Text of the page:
A more detailed description of the Swiss light scheme wiring in the 37642 can be found at the author's site.

Connecting the motor
There are two wires coming from the motor. One is red, the other is red and black. These two wires shall be connected to the orange and grey motor outputs of the LokPilot through a 33 Ohm resistor. Since it is difficult to fit a 33 Ohm resistor with sufficient power rating (4 Watt) inside the loco, I will use four 8.2 Ohm 1 Watt resistors in series instead. The resistors serve two purposes:

  • They make the motor run smoother. Without them it is almost impossible to get a clean run at the two lowest speed steps.
  • They improve the speed characteristics (read: reduce the speed) in AC analog operation. Unlike the Märklin decoder, the LokPilot does not apply the maximum speed and acceleration/brake delay in AC analog mode, it just supplies the full power to the motor.
With the default direction I have chosen, i.e. the long end forwards, the red motor wire shall be connected to the orange wire of the LokPilot, and the red/black motor wire shall be connected to the grey wire of the LokPilot. I didn't have the 8.2 Ohm resistors, so I have temporarily used three 22 Ohm resistors instead. This works well too,
but I may burn them if i run the loco with heavy load for a long time. I will replace the temporary resistors as soon as I get the right ones.

Figure 8. Temporary motor connection. The 22 Ohm resistors used have insufficient power rating and may eventually burn if not replaced.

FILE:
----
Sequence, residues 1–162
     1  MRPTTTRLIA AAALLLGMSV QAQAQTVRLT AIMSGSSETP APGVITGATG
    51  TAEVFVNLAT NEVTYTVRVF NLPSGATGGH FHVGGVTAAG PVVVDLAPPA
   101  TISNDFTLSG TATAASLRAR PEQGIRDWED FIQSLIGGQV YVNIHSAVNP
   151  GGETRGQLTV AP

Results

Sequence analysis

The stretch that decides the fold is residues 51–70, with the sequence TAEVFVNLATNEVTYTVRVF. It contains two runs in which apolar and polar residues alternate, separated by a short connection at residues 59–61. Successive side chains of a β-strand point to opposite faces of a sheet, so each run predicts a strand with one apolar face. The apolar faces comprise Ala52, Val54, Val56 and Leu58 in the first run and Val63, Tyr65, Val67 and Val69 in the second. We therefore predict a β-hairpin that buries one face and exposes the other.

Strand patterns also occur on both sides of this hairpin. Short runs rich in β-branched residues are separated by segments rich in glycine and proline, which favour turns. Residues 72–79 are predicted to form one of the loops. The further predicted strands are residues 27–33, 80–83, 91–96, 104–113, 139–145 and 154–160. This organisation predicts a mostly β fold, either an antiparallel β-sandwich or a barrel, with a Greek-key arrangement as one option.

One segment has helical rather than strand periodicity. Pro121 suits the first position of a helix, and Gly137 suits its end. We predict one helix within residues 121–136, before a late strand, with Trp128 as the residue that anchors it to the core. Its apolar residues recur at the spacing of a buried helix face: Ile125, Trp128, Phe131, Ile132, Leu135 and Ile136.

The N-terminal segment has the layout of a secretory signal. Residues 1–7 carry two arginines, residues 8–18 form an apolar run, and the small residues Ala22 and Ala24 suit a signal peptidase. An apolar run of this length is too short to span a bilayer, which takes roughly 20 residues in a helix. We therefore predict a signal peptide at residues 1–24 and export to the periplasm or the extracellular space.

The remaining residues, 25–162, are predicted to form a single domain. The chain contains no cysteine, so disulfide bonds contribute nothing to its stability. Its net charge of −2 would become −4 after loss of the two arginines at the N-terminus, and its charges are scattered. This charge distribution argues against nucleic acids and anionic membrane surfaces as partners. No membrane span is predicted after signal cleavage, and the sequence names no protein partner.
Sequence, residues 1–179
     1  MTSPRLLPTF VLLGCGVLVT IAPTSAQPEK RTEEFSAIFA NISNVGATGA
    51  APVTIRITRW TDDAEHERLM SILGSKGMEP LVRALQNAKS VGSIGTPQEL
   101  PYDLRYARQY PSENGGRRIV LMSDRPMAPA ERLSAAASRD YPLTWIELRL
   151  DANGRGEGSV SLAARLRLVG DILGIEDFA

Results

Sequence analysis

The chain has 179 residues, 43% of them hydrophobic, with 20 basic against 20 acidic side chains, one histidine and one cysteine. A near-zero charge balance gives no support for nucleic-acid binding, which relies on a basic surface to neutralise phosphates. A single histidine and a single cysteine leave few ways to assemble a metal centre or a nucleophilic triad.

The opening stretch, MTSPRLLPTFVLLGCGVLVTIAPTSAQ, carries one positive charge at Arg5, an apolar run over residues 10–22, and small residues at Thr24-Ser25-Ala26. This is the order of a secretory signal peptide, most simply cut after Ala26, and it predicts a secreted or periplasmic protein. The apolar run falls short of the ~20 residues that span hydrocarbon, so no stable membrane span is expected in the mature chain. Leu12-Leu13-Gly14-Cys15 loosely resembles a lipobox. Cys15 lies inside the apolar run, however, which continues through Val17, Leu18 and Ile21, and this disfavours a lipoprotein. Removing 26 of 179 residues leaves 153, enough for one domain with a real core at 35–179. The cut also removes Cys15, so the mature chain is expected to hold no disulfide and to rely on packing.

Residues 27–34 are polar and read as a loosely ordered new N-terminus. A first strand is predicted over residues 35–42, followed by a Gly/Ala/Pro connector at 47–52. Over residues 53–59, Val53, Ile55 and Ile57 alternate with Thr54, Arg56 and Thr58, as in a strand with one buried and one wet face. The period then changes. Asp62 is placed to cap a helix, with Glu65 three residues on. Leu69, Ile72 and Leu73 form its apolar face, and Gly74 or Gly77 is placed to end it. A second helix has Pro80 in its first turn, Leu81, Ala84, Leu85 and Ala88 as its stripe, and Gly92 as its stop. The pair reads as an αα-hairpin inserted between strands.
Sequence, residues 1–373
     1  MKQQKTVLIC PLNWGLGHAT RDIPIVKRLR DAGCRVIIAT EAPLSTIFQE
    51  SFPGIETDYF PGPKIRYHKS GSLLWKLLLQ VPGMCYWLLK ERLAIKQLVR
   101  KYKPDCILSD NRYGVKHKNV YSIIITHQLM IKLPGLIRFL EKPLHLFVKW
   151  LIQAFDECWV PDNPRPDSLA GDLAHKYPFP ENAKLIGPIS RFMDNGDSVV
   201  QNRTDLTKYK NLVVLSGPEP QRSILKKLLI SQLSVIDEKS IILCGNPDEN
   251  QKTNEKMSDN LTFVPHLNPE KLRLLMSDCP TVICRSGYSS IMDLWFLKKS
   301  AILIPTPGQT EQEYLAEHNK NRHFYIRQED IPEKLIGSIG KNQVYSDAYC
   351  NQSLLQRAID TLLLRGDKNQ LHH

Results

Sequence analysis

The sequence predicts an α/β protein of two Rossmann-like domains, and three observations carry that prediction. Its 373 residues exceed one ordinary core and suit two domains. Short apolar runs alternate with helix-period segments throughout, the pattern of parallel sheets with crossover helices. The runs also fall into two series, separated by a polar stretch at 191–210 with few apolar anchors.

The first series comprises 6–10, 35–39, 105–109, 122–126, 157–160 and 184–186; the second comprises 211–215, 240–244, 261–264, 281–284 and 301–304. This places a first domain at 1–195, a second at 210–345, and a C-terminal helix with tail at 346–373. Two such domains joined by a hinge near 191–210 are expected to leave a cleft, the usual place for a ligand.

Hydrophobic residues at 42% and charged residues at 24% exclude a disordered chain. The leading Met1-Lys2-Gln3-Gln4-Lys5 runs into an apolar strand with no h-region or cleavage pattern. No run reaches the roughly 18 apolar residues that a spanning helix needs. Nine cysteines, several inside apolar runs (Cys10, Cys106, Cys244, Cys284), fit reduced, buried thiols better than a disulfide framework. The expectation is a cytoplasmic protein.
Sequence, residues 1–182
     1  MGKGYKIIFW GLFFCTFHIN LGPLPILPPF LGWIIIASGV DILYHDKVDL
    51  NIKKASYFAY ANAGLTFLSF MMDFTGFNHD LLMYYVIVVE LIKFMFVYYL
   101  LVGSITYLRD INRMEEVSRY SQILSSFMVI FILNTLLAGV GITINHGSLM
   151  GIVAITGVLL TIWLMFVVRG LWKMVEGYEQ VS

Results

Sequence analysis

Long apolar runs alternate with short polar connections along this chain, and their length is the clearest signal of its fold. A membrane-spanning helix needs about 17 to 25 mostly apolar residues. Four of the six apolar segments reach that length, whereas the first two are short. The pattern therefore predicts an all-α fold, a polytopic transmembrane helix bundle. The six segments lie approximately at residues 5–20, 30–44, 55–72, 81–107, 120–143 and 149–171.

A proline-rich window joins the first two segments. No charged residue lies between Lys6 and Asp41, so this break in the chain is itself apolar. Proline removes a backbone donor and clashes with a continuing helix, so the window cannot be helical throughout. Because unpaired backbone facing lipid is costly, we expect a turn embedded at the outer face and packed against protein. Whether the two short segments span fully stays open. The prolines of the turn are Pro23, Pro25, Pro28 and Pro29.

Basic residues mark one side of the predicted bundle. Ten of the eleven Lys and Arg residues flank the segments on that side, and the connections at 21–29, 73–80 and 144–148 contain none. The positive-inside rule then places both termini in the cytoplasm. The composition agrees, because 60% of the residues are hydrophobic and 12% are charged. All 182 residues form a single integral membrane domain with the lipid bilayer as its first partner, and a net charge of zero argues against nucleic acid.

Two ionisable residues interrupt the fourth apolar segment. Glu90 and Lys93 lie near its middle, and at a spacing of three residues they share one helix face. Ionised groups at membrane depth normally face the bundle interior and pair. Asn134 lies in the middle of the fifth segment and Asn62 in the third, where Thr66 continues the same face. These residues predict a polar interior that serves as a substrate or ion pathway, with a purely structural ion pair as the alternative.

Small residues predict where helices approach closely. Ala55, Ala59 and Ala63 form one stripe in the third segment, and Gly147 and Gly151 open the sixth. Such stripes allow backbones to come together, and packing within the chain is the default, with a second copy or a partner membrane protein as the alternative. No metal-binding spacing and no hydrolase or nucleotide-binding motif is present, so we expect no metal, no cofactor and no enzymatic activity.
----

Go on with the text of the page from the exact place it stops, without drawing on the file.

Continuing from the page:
Programming the decoder
Now, the loco is converted, and it should be possible to operate it, but it needs to be adjusted to get the best possible driving characteristics. You may also want to change the loco address. The LokPilot is on-track programmable, and there are several different parameters that can be changed from the control unit. If you use a Märklin 6021, the programming procedure is described in the instructions that are delivered with the LokPilot. If you use e.g. the Intellibox, the programming procedure should be even simpler, they say. I use home made 6021-like equipment to control my layout, and I had no problem to follow the instructions. The tricky thing is to find out the correct values of the regulation parameters. I have spent quite a lot of time on this (see Initial investigations above), and I think the following parameters are close to optimal:
Parameter number: Parameter value: Description: Comments:
2 6 Minimum speed. The value here is partly a matter of choice, but I recommend this value to start with. The default value (3) gives a very low minimum speed.
51 58 Regulation reference. This value is close to the default value (56), but I could observe significant differences in behaviour between the values 56, 57 and 58. There was not very much change with higher values than 58, so I concluded that 58 would be the optimal.
52 25 Proportional regulation strength. A too high value gives jerky behaviour at low speed. The default value (32) doesn't give a clean run at the two lowest speed steps. Without the series resistors to the motor, this value has to be set much lower  (below 12) to get acceptable performance. 
A too low value causes a tendency  to over-react on sudden load changes and to run away in downhill grades. A very low value (0-5) also causes general jerkiness.